Filmmaker: Had you ever been to Louisiana?

Yates: I’d been there a few times. I am from Virginia so I consider myself as being part of the South, whereas in New Orleans they definitely don’t consider themselves as part of the South. I’d been reading a lot about this one Madame called Norma Wallace, whose heyday had been in the 1940’s to the 1960’s; she was very well-respected, had been given a key to the city. It was a similar kind of story where all the politicians in town came to her house, and then she finally was busted. The film definitely became about more than Jeanette. When I went down there, I don’t think I had any idea that she would sort of be this local celebrity. I found it fascinating to explore how you might try to market this newfound celebrity, sort of like becoming the Heidi Klum of New Orleans, because that really was the only option that she had. I mean she’s a felon on probation, no one is going to hire a notorious Madam; I mean she couldn’t even get a job at Hooters. Everybody is scared of her — especially the men down there, because there is this whole mystery about who is on the list, and no one wanted to be seen with her for fear that everyone would suspect they were on the list. “Oh, wait, maybe someone is going to think that I am on the list!” So it’s like this thing where everybody is fascinated by her — and when she walks into the room it’s like she’s a politician, people would be drawn to her and she would galvanize the crowd — but at the same time she couldn’t get a job. Then she made this sex video, and she couldn’t sell the sex video. And for me that’s sort of what the film is about, being so stigmatized and being so exposed. Her family was exposed, and the women’s families were exposed, but how the men escaped that exposure.

Filmmaker: How is that possible, that it the men’s names weren’t made public but the women’s were?

Yates: Prostitution in general is legislated state-by-state. The state government deals with it. It’s usually, I believe, a misdemeanor. The reason that the federal government and the F.B.I. got involved in this case was that they were tipped off by this doctor who was committing Medicare fraud who spent over three-hundred thousand dollars at the brothel. To get a lighter sentence he started spinning tales about Jeanette and the Canal Street Brothel, saying that they were a mafia organization and that they were selling drugs and that they were bringing women in from across state lines. Now, none of these things were true, except that the brothel was connected with a circle of brothels all around the country. Women would fly from the Miami brothel to the New York brothel to the New Orleans brothel, because ‘Men like variety’, as Jeanette says. So the F.B.I. ended up spending a ridiculous amount of taxpayer money wiretapping their phones, and in the end the only thing they could bust them for is what they call “interstate trafficking of women.” But the screwed up thing about it is that because the F.B.I. was involved, they called it “conspiracy to commit acts of prostitution” – and in the conspiracy both parties are supposed to be charged. But they just flat-out didn’t charge the men. We found out later on that it was because a U.S. Senator was on the list, and all the local politicians were on the list, and judges and doctors and lawyers. At one point the prosecuting attorneys were like, “Charging them will only bring harm to those men’s families’ and they should be protected.” It’s just this obscene double standard. So Jeanette spends a lot of the film now fighting to deal with these hypocritical politicians.

Filmmaker: Jeanette says she wants to ‘decriminalize’ prostitution, but not legalize it.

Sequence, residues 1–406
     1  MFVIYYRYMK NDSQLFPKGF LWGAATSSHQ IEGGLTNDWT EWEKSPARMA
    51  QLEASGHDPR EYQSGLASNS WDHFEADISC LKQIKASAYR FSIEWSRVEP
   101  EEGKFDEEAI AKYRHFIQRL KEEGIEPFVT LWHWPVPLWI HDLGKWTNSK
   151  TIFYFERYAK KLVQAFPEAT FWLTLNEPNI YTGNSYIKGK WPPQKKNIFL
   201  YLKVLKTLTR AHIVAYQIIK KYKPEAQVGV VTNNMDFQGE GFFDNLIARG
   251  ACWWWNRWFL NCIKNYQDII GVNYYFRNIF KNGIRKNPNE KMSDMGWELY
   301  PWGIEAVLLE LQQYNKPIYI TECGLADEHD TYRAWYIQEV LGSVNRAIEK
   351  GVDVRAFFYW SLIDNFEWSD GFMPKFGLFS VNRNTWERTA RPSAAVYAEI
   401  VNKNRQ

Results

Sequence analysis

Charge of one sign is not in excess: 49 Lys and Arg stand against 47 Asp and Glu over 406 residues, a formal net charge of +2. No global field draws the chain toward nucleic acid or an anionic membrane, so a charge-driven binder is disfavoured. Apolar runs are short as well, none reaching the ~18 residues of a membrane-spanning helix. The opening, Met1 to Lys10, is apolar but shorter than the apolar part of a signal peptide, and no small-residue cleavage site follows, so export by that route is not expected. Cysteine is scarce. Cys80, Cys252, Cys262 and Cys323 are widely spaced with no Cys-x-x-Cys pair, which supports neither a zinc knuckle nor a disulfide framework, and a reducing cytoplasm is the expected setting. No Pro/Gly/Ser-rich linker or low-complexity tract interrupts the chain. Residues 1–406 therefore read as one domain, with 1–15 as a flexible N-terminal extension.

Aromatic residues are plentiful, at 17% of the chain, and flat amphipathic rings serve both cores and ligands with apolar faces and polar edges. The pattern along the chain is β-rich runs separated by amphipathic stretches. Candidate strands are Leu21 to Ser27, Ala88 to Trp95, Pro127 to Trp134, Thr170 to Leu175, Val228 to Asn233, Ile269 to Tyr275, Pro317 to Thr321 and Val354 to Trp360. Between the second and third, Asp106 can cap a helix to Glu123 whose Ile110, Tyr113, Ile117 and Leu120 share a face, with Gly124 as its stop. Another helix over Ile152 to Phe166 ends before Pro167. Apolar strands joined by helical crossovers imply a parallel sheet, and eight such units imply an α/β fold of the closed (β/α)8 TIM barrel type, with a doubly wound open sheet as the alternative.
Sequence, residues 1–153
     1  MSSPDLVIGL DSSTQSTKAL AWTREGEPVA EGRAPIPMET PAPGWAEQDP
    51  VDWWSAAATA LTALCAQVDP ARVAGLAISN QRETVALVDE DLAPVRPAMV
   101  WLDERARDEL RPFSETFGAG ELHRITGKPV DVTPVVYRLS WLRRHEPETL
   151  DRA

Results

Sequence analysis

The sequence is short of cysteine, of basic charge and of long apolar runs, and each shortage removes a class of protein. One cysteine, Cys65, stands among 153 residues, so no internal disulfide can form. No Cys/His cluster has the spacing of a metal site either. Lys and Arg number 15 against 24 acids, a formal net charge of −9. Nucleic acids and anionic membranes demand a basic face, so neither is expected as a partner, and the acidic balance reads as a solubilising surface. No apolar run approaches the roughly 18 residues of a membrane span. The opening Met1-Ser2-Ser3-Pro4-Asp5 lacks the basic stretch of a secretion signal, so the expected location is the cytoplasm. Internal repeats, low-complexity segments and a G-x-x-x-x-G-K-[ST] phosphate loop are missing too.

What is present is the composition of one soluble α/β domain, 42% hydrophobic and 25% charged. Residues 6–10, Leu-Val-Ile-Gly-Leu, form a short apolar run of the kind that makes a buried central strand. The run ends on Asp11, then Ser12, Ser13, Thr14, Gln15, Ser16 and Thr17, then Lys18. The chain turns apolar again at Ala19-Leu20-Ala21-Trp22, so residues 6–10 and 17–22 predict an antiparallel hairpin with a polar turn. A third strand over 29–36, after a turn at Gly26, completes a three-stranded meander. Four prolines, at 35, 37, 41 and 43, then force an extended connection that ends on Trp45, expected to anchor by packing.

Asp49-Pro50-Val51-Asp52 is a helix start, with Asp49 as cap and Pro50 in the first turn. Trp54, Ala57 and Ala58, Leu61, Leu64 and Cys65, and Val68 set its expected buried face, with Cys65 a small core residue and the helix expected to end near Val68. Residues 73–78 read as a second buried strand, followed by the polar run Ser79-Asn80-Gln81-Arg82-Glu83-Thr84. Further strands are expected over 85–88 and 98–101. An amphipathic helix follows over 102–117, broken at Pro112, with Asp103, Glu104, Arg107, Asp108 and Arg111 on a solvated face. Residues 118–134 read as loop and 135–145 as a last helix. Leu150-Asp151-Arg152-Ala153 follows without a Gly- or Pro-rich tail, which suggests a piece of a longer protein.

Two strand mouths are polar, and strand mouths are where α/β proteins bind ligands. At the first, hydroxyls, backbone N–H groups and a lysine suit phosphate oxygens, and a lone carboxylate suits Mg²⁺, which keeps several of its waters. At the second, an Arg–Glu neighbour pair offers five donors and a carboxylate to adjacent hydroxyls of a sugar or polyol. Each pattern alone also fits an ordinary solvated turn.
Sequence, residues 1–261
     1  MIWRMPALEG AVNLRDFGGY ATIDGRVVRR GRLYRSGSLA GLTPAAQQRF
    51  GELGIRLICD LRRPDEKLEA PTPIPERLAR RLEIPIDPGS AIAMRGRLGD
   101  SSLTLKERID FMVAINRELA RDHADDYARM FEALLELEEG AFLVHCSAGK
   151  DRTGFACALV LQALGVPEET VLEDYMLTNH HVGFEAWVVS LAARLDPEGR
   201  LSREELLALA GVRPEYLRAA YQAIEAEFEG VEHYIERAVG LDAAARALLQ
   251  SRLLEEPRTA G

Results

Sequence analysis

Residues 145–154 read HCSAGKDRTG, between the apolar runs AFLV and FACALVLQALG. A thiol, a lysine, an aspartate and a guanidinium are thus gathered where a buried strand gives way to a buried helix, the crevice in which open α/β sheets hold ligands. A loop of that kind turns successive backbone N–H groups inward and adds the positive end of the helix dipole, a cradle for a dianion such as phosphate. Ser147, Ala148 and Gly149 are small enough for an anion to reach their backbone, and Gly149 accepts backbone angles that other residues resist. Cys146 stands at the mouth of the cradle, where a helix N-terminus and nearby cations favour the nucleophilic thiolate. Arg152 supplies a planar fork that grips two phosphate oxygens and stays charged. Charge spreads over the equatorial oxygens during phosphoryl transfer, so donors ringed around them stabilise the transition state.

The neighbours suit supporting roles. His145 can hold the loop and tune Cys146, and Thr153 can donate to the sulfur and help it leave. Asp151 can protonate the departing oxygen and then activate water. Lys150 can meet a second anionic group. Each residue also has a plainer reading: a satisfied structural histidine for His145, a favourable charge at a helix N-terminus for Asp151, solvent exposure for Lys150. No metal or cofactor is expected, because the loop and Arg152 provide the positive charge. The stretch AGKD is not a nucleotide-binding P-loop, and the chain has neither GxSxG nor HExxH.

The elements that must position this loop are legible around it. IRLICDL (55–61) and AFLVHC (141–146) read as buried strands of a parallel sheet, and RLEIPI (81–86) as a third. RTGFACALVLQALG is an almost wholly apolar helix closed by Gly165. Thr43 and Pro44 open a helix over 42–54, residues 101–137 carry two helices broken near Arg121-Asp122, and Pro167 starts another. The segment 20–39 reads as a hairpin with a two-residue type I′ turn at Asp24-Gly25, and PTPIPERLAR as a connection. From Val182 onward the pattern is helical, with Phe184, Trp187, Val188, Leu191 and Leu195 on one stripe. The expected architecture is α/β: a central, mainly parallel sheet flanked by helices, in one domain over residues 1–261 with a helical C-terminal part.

Yates: For instance, in Nevada, she feels that it’s under the control of the government, and it’s taxed, and it’s regulated and usually, for the most part, the brothels are still owned by men and the women who come in to work in the brothels are kind of on lock down. They come in for two weeks at a time. There’s a fear that if the women don’t stay in the brothel that they’ll take the business to a motel nearby and the brothel won’t get their cut. So it’s very regulated by the government but also by the brothel owners. So Jeanette’s theory is that if you decriminalize it, then it’s not a crime at all, but it doesn’t have to be regulated by the government, so someone could open up a little room in their apartment or whatever and work out of their house. I believe, though, that if there were a choice between legalizing it and making it wholly illegal she would go with legalizing it.

But, yeah, it’s illegal in New Orleans, so she isn’t in the business anymore, but she is selling her candles on the web and at craft fairs.

Filmmaker: How did you go through 3,000 hours of wiretaps?

Yates: With the help of interns! A lot of them were actually just hang-ups and stuff. But to me what’s interesting – and there’s so many that we would have loved to have put in the film ‚ so many are just these mundane conversations between mother and daughter, daughter and grandmother, mother and grandmother. I mean people are so off guard on the phone because you don’t think anyone’s listening. So, for instance the conversation with Monica when she is in the hospital with her new daughter, where she’s telling Jeantte about her granddaughter — you definitely couldn’t capture that on camera. And so I wanted to explore the wiretaps and all their human emotion – and the fact that the F.B.I. was listening in to these personal conversations for months and months. And the wiretaps – we would have loved to have done more wiretaps, but we couldn’t, the whole film can’t be wiretaps. And my editor, Shannon Kennedy, did a really good job weaving them through, [to make visible] these sort of unidentified men standing the shadows. Obviously without the men, there wouldn’t be the business, and there wouldn’t be clients and there wouldn’t be a reason to have prostitution. It’s just one of those things where I think I a dialogue needs to be started, and I hope the film can help do that.